Poston: The ruling provides additional peace of mind for LGBTQ* employees in all sectors of the economy — including in higher education — and could have the positive benefits of helping many LGBTQ* individuals feel that it is safe to come out or transition at work. Also, for those of us who are in the business of fostering and expanding culturally diverse brave institutions, rulings like this one also provide new tools with which to reinforce positive inclusive campus change.
UKNow: Prior to this ruling, only 22 states and Washington, D.C., had barred discrimination based on sexual orientation and gender identity, while a few other states offered more limited versions of such protections. What has UK done to ensure LGBTQ* students, staff and faculty feel safe and protected on campus?
Poston: Yes, before this decision, less than half of states in the U.S. had comprehensive nondiscrimination legislation that barred employment discrimination on the basis of sexual orientation and gender identity. While Kentucky was not one of those states, many local governments in the Commonwealth had passed nondiscrimination ordinances that provided protections for LGBTQ* individuals. Our two largest cities, Lexington and Louisville, passed those comprehensive ordinances more than 20 years ago. On an even more localized level, the University of Kentucky adopted clear language prohibiting discrimination on the basis of sexual orientation nearly a decade ago and updated that policy in 2015 to prohibit discrimination on the basis of gender identity and gender expression. In similar ways, each of these steps forward culminated in June’s Supreme Court decision.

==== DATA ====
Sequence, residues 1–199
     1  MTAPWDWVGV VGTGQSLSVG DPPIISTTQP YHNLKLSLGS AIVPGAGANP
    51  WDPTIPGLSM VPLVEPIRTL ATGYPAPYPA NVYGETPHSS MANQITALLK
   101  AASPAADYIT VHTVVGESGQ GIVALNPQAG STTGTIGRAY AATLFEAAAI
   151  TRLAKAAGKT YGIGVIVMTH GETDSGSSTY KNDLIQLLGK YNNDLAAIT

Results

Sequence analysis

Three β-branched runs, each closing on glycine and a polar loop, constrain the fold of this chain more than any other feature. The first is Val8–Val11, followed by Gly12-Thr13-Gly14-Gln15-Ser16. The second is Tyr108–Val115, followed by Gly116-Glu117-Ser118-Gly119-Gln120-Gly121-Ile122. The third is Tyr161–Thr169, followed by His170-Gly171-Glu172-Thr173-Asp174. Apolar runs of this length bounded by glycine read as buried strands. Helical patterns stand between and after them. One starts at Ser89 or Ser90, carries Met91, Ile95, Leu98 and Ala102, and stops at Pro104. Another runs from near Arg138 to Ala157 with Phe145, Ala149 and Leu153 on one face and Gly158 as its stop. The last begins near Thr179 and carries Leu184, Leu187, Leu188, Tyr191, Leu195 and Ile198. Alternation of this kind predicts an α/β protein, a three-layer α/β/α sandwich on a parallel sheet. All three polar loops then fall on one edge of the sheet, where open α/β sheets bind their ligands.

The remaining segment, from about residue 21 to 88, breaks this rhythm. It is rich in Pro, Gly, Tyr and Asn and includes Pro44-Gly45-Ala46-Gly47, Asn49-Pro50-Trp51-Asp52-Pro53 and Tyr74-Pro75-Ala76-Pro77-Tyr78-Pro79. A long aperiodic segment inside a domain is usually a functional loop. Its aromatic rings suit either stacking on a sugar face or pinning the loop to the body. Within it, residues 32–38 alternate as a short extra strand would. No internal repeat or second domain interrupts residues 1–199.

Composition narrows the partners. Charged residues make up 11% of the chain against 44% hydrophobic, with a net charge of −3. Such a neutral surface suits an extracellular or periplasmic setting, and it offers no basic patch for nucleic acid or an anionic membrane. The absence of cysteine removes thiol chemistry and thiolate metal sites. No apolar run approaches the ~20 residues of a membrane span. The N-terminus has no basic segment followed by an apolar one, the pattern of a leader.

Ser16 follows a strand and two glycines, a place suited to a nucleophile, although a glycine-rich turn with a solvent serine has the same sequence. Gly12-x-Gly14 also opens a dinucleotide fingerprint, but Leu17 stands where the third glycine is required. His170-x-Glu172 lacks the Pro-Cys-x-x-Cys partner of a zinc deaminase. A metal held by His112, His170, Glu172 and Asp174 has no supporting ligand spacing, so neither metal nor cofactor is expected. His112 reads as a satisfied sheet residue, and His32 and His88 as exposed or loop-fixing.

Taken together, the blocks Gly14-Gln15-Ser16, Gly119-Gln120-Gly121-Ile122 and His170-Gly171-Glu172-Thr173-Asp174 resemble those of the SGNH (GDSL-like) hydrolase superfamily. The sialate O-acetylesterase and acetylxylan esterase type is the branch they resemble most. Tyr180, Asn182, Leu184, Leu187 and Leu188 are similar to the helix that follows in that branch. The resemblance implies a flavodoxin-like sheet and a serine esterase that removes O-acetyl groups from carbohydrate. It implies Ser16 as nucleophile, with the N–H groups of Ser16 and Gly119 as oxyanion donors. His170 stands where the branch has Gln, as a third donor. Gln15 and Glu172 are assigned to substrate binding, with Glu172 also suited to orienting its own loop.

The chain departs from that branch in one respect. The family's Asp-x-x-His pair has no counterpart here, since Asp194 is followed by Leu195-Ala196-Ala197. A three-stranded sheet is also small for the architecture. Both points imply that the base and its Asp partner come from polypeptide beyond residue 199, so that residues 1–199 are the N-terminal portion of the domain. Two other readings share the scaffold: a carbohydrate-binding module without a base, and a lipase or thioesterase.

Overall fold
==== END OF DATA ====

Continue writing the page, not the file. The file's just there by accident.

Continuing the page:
UKNow: Queer people still face discrimination and marginalization on countless fronts beyond the workplace. What do you feel are the key next steps to continue the momentum of this important movement?
Poston: Three key areas where queer people still face discrimination and marginalization with no universal anti-discrimination protections in the U.S. are in public accommodation, housing and health care access. Extending protections in these areas will continue to push us all in positive directions as Americans. An important way to understand concerns and action steps that one can take to support progressive change is by listening to the experiences of LGBTQ* folks and then committing to act in support of change that values all human lives and experiences equally.
To learn more about the Office of LGBTQ* Resources, click here.
The University of Kentucky is increasingly the first choice for students, faculty and staff to pursue their passions and their professional goals. In the last two years, Forbes has named UK among the best employers for diversity, and INSIGHT into Diversity recognized us as a Diversity Champion three years running. UK is ranked among the top 30 campuses in the nation for LGBTQ* inclusion and safety. UK has been judged a “Great College to Work for" two years in a row, and UK is among only 22 universities in the country on Forbes' list of "America's Best Employers." We are ranked among the top 10 percent of public institutions for research expenditures — a tangible symbol of our breadth and depth as a university focused on discovery that changes lives and communities. And our patients know and appreciate the fact that UK HealthCare has been named the state’s top hospital for four straight years. Accolades and honors are great. But they are more important for what they represent: the idea that creating a community of belonging and commitment to excellence is how we honor our mission to be not simply the University of Kentucky, but the University for Kentucky.